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Many of these images are available on our website.
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Monday, April 13, 2015

Spring's Arrival of Painted Lady Butterflies



What's Buzzing on the Brussel Sprouts Blooms


One of the highlights of spring 2015 has been an influx of Painted Lady butterflies, Vanessa cardui, to my yard in western Nevada.  I do not recall these butterflies arriving in early spring, because they are usually here in late summer when the rabbit bushes are blooming.  I first began to notice a few butterflies landing on the wet dirt when I was watering my garden plants. Then I noticed numerous Painted Lady butterflies drawn to my Brussel sprouts plants, which I allowed to flower since they did not not produce any sprouts over winter. .  

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One afternoon as I walked by the yellow flowers, I saw so much activity that I grabbed my Nikon with the 150mm macro lens and waited nearby.  

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Not only were the blossoms attracting the butterflies, numerous worker bees were buzzing around, collecting the pollen.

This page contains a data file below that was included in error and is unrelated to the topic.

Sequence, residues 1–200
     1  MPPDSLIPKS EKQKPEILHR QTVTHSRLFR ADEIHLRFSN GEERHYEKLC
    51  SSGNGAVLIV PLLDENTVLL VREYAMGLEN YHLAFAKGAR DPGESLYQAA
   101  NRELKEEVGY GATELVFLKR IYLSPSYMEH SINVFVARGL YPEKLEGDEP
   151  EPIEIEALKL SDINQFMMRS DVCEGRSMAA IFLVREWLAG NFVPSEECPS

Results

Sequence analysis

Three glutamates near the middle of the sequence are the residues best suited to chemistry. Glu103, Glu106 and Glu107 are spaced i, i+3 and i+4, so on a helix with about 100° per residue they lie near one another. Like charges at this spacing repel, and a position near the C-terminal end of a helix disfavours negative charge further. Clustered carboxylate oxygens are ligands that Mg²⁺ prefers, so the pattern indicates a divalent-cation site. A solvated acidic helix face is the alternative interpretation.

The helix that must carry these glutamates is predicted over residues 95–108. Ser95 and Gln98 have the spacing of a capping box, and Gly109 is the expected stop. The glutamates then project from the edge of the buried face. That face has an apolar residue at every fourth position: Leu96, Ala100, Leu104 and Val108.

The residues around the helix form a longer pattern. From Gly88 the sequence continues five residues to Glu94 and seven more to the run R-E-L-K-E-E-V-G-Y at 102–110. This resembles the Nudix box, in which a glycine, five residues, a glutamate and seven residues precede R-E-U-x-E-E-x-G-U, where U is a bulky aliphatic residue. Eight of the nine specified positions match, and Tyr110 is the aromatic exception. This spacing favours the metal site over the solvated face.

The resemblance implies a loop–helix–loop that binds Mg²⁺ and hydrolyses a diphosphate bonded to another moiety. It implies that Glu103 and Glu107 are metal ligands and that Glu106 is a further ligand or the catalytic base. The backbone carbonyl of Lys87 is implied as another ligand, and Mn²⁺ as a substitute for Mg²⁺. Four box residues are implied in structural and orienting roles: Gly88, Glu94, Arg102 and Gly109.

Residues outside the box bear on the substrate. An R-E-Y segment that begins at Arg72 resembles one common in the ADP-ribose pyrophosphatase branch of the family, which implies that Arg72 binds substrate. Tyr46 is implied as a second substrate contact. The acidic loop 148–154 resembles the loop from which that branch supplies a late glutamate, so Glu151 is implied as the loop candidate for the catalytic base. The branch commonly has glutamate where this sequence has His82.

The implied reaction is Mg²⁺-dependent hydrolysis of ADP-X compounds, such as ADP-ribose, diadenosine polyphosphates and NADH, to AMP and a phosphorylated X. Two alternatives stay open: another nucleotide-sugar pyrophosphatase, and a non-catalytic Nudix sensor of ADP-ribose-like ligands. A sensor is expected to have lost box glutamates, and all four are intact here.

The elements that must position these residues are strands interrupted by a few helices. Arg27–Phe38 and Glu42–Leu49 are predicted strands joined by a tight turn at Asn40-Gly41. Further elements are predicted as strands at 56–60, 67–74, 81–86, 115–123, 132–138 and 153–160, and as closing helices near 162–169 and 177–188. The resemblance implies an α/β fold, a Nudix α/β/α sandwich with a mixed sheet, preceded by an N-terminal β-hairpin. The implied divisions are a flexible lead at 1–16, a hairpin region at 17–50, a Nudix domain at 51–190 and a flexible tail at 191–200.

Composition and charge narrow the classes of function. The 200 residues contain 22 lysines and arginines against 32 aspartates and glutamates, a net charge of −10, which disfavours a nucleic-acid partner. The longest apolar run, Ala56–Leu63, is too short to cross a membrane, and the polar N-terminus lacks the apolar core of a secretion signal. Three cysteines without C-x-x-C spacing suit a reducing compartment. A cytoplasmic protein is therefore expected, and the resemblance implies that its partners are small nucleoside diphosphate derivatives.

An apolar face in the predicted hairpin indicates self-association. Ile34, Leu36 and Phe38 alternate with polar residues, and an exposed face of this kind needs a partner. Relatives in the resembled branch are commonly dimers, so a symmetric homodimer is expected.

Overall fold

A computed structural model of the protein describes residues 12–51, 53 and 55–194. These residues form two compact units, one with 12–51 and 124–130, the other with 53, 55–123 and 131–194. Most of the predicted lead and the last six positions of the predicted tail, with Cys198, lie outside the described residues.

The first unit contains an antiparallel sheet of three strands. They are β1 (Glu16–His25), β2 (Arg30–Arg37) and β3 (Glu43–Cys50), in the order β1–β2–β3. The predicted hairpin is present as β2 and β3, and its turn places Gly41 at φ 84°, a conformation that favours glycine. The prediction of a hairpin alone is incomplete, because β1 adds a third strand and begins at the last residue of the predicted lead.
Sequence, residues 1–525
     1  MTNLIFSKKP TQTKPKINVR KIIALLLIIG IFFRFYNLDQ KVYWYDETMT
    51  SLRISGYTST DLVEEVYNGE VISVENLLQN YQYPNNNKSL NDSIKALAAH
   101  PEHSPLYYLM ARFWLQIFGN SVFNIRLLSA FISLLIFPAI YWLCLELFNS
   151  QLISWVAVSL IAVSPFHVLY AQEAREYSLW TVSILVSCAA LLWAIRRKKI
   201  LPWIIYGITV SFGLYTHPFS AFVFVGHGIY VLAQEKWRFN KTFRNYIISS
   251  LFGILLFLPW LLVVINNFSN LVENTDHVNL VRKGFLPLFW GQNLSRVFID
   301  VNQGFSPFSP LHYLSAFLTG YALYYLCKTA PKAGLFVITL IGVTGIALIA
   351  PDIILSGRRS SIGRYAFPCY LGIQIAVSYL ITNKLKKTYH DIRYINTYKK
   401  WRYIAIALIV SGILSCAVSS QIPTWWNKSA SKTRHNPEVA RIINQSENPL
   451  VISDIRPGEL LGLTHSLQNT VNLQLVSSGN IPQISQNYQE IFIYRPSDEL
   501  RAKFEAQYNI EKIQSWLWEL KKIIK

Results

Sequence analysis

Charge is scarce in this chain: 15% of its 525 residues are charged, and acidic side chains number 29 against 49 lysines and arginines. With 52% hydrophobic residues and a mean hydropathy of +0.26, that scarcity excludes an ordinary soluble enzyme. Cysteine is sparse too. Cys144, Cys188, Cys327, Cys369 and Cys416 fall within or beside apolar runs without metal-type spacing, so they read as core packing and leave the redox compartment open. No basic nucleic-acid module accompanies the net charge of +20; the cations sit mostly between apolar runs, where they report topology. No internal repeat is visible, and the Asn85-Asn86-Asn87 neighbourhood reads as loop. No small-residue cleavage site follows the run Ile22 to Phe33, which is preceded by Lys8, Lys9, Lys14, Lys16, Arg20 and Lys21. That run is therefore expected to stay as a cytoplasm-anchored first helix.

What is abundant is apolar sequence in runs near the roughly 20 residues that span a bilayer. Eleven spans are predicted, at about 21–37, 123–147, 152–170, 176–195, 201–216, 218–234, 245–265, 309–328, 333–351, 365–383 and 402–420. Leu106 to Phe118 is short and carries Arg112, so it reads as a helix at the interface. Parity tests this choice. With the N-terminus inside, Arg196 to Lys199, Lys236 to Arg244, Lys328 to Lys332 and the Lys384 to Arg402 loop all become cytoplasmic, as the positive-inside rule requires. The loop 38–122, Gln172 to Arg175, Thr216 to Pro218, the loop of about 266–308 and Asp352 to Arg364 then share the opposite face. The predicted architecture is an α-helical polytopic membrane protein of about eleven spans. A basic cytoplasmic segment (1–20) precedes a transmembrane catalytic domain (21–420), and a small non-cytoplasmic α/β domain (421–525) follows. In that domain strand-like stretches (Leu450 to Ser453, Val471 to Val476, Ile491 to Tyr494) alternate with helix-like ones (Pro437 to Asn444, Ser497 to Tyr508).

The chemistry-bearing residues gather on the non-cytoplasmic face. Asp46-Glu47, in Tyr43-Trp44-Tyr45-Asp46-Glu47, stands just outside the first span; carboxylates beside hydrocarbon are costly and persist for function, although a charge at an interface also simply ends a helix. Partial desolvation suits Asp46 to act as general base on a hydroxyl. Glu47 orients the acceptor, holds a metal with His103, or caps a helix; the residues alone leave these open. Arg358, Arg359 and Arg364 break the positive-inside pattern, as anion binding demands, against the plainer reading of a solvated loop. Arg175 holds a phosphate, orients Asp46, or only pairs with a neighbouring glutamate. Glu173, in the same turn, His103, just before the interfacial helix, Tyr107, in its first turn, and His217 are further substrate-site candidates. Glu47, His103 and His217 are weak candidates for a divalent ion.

While focusing in on the butterflies, I noticed a large number of moths coming to the flowers. From my research, moths also serve a very vital function to the environment along with butterflies and bees as pollinators. 

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A Painted Lady with its straw-like proboscis unraveled, eating nectar from the flower. 


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 Painted Lady butterflies use their feet to taste food.


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As far as my Brussel sprouts plants goes, I think I came out way ahead by allowing the plants to flower, even though I did not get to eat any fresh sprouts.  What a fun and exciting photo opp this has been.  And by the way I did enjoy many of the plant's leaves in fresh salads during the winter.  


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No images on this blog are within Public Domain.






With my Nikon and tripod, my goal is to recreate the scene as it appears in nature, to preserve in a photographic image the awesome, yet simplistic beauty of the scene that waits around a bend or over a hill. Sometimes it's a colorful landscape, and many times I'm allowed in the presence of the numerous creatures that adapt to life in the wild.

 All rights reserved, world-wide and images protected by Digital Millennium Copyright Act (DMCA). All photography, graphics, text, design, and content is copyrighted by Bonnie Rannald and should not be copied, down-loaded, transferred and re-created in any way without the express consent, in writing to Bonnie Rannald. For information on Bonnie Rannald licensed, right-managed images, please submit a written request.


"Reflecting Nature's Artistry"


Follow this blog for upcoming post!
Photos Make Great Gifts!
Many of these images are available on our website.
We now offer Gift Certificates and Digital Downloads in addition to the
"Off The Wall" custom matted and framed images.